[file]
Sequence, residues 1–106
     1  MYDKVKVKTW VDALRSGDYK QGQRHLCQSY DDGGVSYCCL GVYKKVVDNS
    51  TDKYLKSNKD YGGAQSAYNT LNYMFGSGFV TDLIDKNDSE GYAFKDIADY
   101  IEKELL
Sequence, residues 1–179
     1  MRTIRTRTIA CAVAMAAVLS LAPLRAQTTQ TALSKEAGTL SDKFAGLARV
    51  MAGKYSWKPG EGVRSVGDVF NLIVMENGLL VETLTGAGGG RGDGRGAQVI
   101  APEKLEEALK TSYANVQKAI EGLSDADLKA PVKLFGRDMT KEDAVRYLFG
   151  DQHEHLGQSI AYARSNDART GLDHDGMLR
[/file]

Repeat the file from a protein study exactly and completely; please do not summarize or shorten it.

Sequence, residues 1–106
     1  MYDKVKVKTW VDALRSGDYK QGQRHLCQSY DDGGVSYCCL GVYKKVVDNS
    51  TDKYLKSNKD YGGAQSAYNT LNYMFGSGFV TDLIDKNDSE GYAFKDIADY
   101  IEKELL
Sequence, residues 1–179
     1  MRTIRTRTIA CAVAMAAVLS LAPLRAQTTQ TALSKEAGTL SDKFAGLARV
    51  MAGKYSWKPG EGVRSVGDVF NLIVMENGLL VETLTGAGGG RGDGRGAQVI
   101  APEKLEEALK TSYANVQKAI EGLSDADLKA PVKLFGRDMT KEDAVRYLFG
   151  DQHEHLGQSI AYARSNDART GLDHDGMLR